Died on June 30

350 Nepotianus a member of the Constantinian dynasty who reigned as a short-lived usurper of the Roman Empire. He ruled the city of Rome for twenty-eight days, before being killed by his rival usurper Magnentius' general Marcellinus
710 Saint Erentrude a virgin saint of the Roman Catholic Church and was the niece of Saint Rupert of Salzburg. Her date and place of birth are unknown, but it may be presumed that she was born in present-day Germany or Austria, in the latter part of the 7th century. She followed her uncle from Worms to Salzburg, where she was installed by him as the first abbess of Nonnberg Abbey. She died on 30 June 710, the same year as Saint Rupert
888 Æthelred (bishop) an Anglo-Saxon Archbishop of Canterbury in medieval England. Although one source states that he was Bishop of Wiltshire prior to his elevation to Canterbury, this has been shown to be false. Much of Æthelred's time in office was spent dealing with the dislocations caused by the invasion of England by Vikings. There were also conflicts with King Alfred the Great over ecclesiastical matters as well as the desire of the papacy to reform the English clergy
945 Ki no Tsurayuki a Japanese author, poet and courtier of the Heian period. He is best known as the principal compiler of the Kokin Wakashū and as a possible author of the Tosa Diary, although this was published anonymously
1139 Otto of Bamberg a medieval German bishop and missionary who, as papal legate, converted much of Pomerania to Christianity.
1181 Hugh de Kevelioc 5th Earl of Chester the son of Ranulf de Gernon, 4th Earl of Chester and Maud of Gloucester, daughter of Robert, 1st Earl of Gloucester.
1222 Adolf of Osnabrück born in Tecklenburg about 1185, a member of the family of the Counts of Tecklenburg in the Duchy of Westphalia. During his lifetime, he became known as the "Almoner of the Poor", and is honored as a saint by the Catholic Church
1337 Eleanor de Clare the wife of the powerful Hugh Despenser the younger. She was born in 1292 at Caerphilly in Glamorgan, Wales. She was the eldest daughter of Gilbert de Clare, 6th Earl of Hertford and 7th Earl of Gloucester, and Joan of Acre, daughter of Edward I and Eleanor of Castile; thus she was a granddaughter to Edward I of England. With her sisters, Elizabeth de Clare and Margaret de Clare, she inherited her father's estates after the death of her brother, Gilbert de Clare, 4th Earl of Gloucester at Bannockburn in 1314
1364 Arnošt of Pardubice the first Archbishop of Prague. He was also an advisor and diplomat to Emperor Charles IV
1466 Peter Constable of Portugal the son of Infante Peter, Duke of Coimbra, who became the fifth Constable of Portugal and third Grand Master of the Order of Saint Benedict of Aviz.
1522 Johann Reuchlin a German-born humanist and a scholar of Greek and Hebrew, whose work also took him to modern-day France, Austria, Switzerland, Italy. Most of Reuchlin's career was around advancing German knowledge of Greek and Hebrew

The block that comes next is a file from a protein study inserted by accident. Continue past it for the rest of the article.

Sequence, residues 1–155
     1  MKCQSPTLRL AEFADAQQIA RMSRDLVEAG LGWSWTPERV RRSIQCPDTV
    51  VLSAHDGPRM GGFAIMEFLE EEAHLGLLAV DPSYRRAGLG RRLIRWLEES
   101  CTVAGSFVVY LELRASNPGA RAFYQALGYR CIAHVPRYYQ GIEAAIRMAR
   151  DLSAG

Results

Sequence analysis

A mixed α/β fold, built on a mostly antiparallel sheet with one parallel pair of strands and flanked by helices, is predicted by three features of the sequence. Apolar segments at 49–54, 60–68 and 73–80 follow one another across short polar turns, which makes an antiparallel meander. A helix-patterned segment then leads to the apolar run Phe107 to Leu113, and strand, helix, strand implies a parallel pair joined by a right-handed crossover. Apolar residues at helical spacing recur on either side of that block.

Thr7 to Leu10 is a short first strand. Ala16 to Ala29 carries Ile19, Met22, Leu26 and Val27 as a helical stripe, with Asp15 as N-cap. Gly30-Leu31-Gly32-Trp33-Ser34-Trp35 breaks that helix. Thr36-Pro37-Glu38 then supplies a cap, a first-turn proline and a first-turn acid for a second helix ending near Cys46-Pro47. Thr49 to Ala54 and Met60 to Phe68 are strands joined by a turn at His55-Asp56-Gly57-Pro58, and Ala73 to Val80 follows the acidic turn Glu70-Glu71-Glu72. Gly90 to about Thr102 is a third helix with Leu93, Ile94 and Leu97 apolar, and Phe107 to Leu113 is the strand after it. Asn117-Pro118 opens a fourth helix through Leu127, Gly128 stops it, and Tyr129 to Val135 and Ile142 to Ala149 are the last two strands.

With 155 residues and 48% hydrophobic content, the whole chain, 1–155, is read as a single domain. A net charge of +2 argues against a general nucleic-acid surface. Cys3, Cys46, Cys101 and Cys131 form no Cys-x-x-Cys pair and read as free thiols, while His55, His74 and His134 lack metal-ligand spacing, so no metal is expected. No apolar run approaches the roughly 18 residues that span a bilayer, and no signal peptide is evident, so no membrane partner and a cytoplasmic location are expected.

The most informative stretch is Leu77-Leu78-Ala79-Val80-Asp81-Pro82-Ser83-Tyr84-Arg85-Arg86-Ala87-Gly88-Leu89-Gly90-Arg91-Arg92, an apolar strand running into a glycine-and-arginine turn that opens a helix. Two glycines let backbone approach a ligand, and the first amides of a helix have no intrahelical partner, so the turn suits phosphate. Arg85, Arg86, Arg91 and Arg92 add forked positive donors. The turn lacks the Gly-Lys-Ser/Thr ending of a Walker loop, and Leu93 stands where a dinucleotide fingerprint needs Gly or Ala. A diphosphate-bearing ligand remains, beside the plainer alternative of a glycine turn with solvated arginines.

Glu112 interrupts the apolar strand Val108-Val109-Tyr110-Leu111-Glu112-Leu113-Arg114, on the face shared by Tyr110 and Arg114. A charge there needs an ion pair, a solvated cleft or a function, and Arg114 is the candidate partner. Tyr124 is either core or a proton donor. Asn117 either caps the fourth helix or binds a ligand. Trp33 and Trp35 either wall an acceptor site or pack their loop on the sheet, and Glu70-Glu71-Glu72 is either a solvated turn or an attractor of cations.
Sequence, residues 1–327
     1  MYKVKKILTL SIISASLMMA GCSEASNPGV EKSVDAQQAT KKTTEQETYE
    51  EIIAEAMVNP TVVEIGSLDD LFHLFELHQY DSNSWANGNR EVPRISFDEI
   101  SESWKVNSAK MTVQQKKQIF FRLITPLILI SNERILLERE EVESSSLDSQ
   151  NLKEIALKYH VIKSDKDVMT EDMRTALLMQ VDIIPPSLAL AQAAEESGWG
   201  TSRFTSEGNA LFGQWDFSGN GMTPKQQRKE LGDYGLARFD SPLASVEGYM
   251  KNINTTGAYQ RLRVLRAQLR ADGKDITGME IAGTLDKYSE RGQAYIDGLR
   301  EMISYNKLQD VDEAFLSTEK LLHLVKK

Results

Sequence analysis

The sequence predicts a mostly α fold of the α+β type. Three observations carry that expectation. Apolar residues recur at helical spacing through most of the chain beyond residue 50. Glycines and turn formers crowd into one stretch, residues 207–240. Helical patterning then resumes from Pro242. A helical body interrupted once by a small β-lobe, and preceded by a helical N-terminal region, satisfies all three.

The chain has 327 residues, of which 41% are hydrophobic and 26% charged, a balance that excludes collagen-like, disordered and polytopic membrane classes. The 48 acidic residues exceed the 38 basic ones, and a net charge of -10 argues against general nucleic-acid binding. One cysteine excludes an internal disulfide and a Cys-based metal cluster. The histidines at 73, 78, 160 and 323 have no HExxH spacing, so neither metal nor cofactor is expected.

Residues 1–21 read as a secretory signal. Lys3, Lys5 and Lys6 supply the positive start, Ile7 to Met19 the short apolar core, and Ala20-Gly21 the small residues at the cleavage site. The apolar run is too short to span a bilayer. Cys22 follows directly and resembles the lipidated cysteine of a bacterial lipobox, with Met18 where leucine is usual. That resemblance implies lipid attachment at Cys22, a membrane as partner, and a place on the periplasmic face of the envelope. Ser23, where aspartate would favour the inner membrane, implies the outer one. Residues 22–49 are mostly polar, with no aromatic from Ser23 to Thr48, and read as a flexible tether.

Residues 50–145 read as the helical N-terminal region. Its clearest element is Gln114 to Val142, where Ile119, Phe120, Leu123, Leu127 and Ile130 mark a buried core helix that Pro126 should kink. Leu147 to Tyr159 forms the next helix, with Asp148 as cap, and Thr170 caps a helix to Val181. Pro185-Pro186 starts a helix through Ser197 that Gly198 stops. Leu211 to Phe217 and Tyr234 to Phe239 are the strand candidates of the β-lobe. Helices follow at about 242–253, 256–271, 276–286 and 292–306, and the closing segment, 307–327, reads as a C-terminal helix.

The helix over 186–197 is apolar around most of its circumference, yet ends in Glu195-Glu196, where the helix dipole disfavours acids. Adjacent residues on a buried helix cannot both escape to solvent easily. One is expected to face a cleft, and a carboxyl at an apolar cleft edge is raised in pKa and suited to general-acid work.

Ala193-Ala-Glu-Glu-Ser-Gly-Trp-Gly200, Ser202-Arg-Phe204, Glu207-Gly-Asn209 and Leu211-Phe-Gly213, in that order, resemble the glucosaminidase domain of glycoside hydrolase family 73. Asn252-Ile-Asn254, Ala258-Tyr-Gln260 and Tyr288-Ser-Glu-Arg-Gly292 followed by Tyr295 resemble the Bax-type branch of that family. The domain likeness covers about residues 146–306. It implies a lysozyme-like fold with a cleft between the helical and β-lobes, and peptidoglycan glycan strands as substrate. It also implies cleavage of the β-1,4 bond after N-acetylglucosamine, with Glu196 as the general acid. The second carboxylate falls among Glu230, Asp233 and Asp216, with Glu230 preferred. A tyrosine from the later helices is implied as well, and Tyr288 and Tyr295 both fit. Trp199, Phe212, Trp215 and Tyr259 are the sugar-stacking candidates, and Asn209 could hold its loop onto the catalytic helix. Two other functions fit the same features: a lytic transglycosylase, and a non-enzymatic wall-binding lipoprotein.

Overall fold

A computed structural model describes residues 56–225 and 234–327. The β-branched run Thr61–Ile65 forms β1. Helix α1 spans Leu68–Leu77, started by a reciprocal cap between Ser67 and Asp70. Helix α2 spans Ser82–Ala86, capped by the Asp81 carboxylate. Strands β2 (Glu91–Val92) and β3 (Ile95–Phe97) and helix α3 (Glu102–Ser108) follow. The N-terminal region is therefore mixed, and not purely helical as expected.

1537 Thomas Darcy 1st Baron Darcy de Darcy an English nobleman, the only son, and heir, of Sir William Darcy and his wife, Euphemia Langton, the daughter of Sir John Langton. Darcy was opposed to the Dissolution of the Monasteries and for his role in the Pilgrimage of Grace, was convicted of high treason for delivering up Pontefract Castle to the rebels. He was executed on Tower Hill 30 June 1537
1538 Charles II Duke of Guelders Duke of Guelders and Count of Zutphen between 1492 and his death. He was the son of Adolf of Egmond and Catharine of Bourbon. He was a major protagonist in the Frisian peasant rebellion and the Guelderian Wars
1607 Caesar Baronius an Italian Cardinal and ecclesiastical historian. His best-known works are his Annales Ecclesiastici , which appear in twelve folio volumes
1649 Simon Vouet perhaps best remembered for helping to introduce the Italian Baroque style of painting to France.
1660 William Oughtred The Rev. William Oughtred was an English mathematician and Anglican minister
1666 Adam Krieger a German composer. Born in Driesen, Neumark, he studied organ with Samuel Scheidt in Halle. He succeeded Johann Rosenmüller as organist at Leipzig's Nikolaikirche and founded the city's Collegium Musicum before settling for the rest of his career in Dresden
1666 Alexander Brome an English poet.
1670 Henrietta of England the youngest daughter of King Charles I of England, Scotland and Ireland and his wife, Henrietta Maria of France. Fleeing England with her governess at the age of three, she moved to the court of her first cousin Louis XIV of France, where she was known as Minette. After she married Philippe of France, brother of King Louis XIV, known as Monsieur at court, she became known as Madame. Very popular with the court, her marriage was marked by frequent tensions. Henrietta was instrumental in negotiating the Secret Treaty of Dover prior to her unexpected death in June 1670. Jacobite claims to the throne of Great Britain following the death of Henry Benedict Stuart descend from her through her daughter Anne Marie, Queen of Sardinia